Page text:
Seamen proudly sported earrings as a mark of their travels and voyages. Earrings were given to young sailors to commemorate their first crossing of the equator, or when they rounded the treacherous waters of Cape Horn, the southernmost tip of South America.

Earrings were also worn for superstitious reasons. Some pirates were convinced that wearing an earring would improve or even cure bad eyesight, as they believed that the precious metals in an earring possessed magical healing powers. Another tale was that pierced ears would prevent seasickness. Others believed that a gold earring served as a protective talisman and that a man wearing an earring wouldn't drown.

This, of course, often proved to be false. But earrings made of silver or gold were worth enough to pay for a sailor's funeral if his body washed ashore. Some seamen even engraved the name of their home port on the inside of the earring so that their bodies could be sent to their families for a proper burial. If a man died on a ship, the earrings helped to cover the cost of transporting his body home so that he wouldn't be buried at sea or on foreign soil.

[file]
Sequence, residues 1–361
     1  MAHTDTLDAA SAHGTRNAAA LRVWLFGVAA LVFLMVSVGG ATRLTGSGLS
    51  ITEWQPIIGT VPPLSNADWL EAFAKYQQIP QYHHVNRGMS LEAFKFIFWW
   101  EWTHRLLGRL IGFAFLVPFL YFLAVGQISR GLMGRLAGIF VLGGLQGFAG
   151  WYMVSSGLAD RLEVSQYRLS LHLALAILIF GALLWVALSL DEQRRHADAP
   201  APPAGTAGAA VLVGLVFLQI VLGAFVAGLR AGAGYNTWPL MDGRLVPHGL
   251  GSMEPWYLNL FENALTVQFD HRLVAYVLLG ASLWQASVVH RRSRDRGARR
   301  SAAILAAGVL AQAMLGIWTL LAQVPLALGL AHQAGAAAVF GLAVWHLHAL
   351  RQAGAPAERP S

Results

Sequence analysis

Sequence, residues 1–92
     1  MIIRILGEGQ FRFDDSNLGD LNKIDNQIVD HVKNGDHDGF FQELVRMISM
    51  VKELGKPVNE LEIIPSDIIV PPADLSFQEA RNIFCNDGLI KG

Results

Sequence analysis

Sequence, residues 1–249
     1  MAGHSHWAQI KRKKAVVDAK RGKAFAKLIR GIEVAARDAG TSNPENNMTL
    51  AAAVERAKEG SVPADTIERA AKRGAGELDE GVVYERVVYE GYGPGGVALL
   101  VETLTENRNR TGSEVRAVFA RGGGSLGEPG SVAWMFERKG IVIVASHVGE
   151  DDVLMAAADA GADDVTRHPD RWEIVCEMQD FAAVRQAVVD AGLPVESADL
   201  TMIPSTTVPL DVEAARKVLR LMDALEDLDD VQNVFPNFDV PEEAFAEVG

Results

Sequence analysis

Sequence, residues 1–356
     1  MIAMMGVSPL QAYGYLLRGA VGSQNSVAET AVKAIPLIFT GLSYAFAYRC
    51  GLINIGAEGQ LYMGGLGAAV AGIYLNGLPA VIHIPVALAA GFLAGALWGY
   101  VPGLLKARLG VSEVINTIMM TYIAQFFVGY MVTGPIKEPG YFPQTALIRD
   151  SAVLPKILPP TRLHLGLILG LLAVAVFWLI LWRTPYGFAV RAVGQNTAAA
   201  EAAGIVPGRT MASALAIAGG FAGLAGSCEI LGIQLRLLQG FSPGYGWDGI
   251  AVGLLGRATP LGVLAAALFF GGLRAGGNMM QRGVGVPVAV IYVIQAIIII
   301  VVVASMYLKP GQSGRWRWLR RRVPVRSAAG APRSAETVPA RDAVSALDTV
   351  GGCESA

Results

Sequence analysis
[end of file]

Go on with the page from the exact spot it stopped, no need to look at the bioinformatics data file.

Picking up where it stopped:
But wearing hoop earrings did serve one truly beneficial purpose for living sailors. "Pirates, especially those who fired the ships' cannons during close combat with the enemy, dangled wads of wax from their earrings to use as earplugs," Doug Lennox writes in "Now You Know Big Book of Answers."

Wearing earrings didn't protect pirates from drowning, seasickness or bad eyesight, but at least it helped protect them against hearing loss .

Credit : Live Science 

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Queen Anne's Revenge was the flagship of which pirate?